How climate shocks are linked to cross-border migration in Latin America and the Caribbean
Por: Paula Beltran is an Economist and Metodij Hadzi-Vaskov is Assistant to the Director in the Western Hemisphere Department.
Cross-border migration and climate shocks have been shaping the economies of the countries in Latin America and the Caribbean (LAC) for many decades. Globally, LAC is one of the regions with the largest migrant populations—measured as a share of the population of origin country. This region is also among those most susceptible to climate events including hurricanes, storms, floods, and droughts. This climate-migration nexus is especially critical for the region’s two sub-groups of smaller economies: the Caribbean and Central America, Panama, and the Dominican Republic (CAPDR).
Our analysis sheds light on different drivers of cross-border migration, the importance of climate shocks, and impact of climate-induced migration on the economies in the region.
Drivers of migration
Migration occurs due to many factors, including difference in pay between jobs in home countries and foreign countries, migration policy, and social safety nets. Using a novel methodology, our analysis on climate and cross-border migration helps explain outward migration patterns over the past few decades.
We decomposed the drivers of migration into three groups: origin-country; destination-country; and global factors. We find that the origin-country factors have become more prominent in the LAC region, especially in the smaller economies of the Caribbean and CAPDR, making them a more important driver of total migration outflows. Among others, social safety nets may have also become more strained across the region due to rising climate shocks, thereby raising the importance of origin-country factors.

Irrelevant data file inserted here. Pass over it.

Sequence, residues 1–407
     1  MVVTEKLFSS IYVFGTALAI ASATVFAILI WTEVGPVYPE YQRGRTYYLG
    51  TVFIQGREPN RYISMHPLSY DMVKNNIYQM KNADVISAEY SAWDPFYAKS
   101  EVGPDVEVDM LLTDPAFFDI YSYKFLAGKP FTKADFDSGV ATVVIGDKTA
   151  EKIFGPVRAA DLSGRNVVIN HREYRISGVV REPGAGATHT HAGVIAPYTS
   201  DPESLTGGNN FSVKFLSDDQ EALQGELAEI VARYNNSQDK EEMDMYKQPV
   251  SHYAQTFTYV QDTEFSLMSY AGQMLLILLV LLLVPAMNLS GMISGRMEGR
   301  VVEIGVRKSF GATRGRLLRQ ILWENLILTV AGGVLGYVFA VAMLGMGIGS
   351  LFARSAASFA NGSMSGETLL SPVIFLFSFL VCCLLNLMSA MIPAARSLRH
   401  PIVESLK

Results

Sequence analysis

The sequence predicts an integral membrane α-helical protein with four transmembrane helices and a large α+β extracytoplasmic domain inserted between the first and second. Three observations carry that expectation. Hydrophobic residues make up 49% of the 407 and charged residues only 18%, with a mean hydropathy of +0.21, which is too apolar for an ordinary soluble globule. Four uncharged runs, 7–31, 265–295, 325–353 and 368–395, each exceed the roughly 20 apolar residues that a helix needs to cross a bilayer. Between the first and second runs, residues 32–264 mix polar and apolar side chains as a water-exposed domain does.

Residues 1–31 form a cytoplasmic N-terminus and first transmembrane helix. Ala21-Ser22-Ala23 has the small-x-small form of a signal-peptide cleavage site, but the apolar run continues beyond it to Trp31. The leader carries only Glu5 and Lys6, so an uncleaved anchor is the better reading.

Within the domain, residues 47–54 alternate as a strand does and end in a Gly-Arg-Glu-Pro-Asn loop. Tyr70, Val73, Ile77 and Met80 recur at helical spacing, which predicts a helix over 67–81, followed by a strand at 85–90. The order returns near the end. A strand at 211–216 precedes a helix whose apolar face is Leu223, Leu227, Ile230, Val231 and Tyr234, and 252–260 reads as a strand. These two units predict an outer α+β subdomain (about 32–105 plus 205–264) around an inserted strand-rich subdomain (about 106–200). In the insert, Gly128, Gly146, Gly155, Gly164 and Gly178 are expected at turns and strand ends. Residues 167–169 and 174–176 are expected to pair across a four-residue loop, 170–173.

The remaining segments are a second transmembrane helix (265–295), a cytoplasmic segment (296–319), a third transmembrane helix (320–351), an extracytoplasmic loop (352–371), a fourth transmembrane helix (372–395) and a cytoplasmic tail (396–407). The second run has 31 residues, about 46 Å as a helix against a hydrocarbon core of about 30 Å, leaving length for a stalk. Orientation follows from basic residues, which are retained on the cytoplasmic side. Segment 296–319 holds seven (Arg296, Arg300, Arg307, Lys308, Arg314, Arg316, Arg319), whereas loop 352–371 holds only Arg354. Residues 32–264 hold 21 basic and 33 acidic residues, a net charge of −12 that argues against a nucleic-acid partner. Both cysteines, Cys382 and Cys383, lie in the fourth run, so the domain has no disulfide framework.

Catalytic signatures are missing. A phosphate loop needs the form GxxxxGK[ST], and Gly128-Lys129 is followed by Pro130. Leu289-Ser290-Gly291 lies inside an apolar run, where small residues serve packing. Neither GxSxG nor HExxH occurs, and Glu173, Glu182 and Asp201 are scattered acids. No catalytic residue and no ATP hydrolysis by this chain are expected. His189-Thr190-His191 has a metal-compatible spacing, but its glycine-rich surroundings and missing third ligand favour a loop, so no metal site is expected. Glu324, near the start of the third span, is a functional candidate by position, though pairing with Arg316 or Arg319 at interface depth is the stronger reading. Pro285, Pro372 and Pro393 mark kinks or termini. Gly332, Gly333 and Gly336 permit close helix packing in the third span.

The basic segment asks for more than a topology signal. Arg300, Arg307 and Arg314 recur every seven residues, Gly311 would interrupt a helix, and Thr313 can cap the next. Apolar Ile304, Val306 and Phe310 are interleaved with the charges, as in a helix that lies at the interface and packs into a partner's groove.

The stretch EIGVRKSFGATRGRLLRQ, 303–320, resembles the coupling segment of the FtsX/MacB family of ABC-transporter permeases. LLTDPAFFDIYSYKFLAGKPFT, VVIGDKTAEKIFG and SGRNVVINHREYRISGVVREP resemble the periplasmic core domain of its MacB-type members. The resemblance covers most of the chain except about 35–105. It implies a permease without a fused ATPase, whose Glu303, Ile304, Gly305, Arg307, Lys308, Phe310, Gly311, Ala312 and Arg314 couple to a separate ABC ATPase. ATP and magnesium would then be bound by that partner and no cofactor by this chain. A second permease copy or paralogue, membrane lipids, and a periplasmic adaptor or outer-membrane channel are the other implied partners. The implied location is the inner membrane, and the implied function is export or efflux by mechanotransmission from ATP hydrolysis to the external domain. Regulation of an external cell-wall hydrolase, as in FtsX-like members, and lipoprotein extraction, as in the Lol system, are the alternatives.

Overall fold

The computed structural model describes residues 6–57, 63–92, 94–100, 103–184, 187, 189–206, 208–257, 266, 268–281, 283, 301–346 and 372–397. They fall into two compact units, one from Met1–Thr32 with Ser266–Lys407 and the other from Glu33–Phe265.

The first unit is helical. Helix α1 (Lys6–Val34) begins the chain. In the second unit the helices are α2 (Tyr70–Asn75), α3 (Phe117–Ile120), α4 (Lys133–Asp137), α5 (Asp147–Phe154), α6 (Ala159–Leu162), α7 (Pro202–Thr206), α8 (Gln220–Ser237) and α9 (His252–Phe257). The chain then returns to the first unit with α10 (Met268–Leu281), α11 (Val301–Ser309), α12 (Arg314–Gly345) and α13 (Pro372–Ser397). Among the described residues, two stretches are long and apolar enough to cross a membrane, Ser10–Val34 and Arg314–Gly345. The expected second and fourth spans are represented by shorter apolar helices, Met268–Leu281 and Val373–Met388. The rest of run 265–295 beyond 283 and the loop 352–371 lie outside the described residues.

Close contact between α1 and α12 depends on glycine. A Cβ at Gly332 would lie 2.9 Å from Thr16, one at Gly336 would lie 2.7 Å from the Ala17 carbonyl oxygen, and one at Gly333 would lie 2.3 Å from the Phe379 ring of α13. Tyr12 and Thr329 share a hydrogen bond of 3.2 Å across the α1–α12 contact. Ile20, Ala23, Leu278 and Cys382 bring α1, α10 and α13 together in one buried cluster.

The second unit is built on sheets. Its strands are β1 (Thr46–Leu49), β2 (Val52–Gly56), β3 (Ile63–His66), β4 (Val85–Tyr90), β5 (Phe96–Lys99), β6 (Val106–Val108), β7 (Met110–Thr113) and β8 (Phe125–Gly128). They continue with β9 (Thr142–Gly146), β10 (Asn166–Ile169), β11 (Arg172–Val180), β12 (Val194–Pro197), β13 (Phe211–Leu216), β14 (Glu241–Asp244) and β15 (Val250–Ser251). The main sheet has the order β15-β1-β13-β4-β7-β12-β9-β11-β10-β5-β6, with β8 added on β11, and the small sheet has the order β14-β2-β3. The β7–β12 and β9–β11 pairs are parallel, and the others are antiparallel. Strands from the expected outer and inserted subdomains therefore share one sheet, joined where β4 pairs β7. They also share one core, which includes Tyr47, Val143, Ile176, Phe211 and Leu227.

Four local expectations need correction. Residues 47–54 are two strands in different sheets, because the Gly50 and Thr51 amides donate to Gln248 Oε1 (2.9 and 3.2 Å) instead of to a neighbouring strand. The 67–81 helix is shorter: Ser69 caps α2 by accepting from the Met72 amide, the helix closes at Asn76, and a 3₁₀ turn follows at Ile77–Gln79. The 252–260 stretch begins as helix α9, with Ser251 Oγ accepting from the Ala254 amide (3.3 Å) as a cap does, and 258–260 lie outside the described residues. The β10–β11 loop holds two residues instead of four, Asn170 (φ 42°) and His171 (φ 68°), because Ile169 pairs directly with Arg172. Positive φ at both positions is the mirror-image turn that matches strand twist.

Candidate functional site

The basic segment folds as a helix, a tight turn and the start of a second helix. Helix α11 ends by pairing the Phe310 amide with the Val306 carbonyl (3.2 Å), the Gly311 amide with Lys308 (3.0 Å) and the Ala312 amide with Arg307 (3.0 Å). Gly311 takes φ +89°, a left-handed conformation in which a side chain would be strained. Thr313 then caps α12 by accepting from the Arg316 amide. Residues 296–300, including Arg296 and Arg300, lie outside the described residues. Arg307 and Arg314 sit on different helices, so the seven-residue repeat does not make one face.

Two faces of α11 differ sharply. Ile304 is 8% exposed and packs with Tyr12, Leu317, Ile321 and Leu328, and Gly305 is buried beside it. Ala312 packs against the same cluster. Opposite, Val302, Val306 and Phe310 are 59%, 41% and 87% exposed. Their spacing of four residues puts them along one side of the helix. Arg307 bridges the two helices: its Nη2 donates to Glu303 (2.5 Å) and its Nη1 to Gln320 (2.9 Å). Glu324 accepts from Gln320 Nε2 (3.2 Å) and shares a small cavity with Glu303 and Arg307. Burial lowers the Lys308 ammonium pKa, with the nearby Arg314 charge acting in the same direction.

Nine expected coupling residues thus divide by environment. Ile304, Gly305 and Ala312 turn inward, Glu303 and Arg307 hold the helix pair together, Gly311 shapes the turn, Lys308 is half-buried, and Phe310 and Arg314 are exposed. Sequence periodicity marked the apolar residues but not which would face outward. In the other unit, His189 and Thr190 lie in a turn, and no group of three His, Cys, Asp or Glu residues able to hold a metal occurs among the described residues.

Role of climate shocks
Climate disasters significantly impact total migration through conditions in countries of origin, according to our research. In fact, three additional climate disasters annually, over a five-year period, can be associated with about a 1 percent increase in people leaving their home countries in the Caribbean and CAPDR. Comparatively, the impact in South America and Mexico is relatively smaller, ranging between ¼ and 1/3 percent.
Climate shocks affect the economy through many channels, including damage to physical infrastructure, lower agricultural crop yields and poorer workers’ health and productivity. However, human displacement is a critical transmission channel. For instance, our analysis finds that about 1/5 of climate’s overall impact on agricultural output in the countries in the Caribbean and CAPDR is due to climate-induced labor movement.
Climate-induced migration is also associated with higher remittances to home countries, which somewhat mitigates the adverse impact on these countries. But countries should not excessively rely on remittances, as they may not be available when needed.
The increasing frequency and impact of climate shocks calls for urgent strengthening of policy responses and programs to build resilience and mitigate the impact of climate shocks on the population, including by reinforcing social safety nets.